I had somehow taken it for granted that we all still believe with Socrates that it is better to suffer than to do wrong. This belief turned out to be a mistake. There was a widespread conviction that it is impossible to withstand temptation of any kind, that none of us could be trusted or even be expected to be trustworthy when the chips are down, that to be tempted and to be forced are almost the same, whereas in the words of Mary McCarthy, who first spotted this fallacy: "If somebody points a gun at you and says, 'Kill your friend or I will kill you,' he is tempting you, that is all." And while a temptation where one's life is at stake may be a legal excuse for a crime, it certainly is not a moral justification. Finally, and in a way most surprisingly, since after all we dealt with a trial whose result invariably was the passing of judgment, I was told that judging itself is wrong: no one can judge who had not been there. This, incidentally, was Eichmann's own argument against the district court's judgment. When told that there had been alternatives and that he could have escaped his murderous duties, he insisted that these were postwar legends born of hindsight and supported by people who did not know or had forgotten how things had actually been.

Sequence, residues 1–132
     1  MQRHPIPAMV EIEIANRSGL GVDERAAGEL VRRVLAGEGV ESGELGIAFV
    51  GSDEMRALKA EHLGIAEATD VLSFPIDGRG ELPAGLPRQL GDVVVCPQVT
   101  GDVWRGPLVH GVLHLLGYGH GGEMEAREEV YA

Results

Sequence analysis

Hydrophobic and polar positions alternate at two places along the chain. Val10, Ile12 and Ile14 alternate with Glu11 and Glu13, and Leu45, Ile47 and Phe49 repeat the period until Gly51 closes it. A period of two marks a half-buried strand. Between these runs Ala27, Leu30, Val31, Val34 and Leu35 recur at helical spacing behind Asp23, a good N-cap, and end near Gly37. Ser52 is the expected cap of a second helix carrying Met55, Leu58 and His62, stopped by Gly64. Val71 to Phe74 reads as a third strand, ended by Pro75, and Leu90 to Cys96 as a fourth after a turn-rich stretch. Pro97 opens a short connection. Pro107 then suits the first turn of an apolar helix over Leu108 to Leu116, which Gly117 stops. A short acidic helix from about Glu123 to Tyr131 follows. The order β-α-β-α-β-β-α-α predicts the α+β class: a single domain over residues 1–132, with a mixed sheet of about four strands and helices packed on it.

There are a number of reasons why the discussion of the right or the ability to judge touches on the most important moral issue. Two things are involved here: First, how can I tell right from wrong, if the majority or my whole environment has prejudged the issue? Who am I to judge? And second, to what extent, if at all, can we judge past events or occurrences at which we were not present? As to the latter, it seems glaringly obvious that no historiography and no courtroom procedure would be possible at all if we denied ourselves this capability. One might go a step further and maintain that there are very few instances in which, in using our capacity to judge, we do not judge by hindsight, and again this is equally true of the historiographer as it is of the trial judge, who may have good reasons to mistrust eyewitness accounts or the judgment of those who were present. Moreover, since this question of judging without being present is usually coupled with the accusation of arrogance, who has ever maintained that by judging a wrong I presuppose that I myself would be incapable of committing it? Even the judge who condemns a man for murder may still say, and there but for the grace of God go I!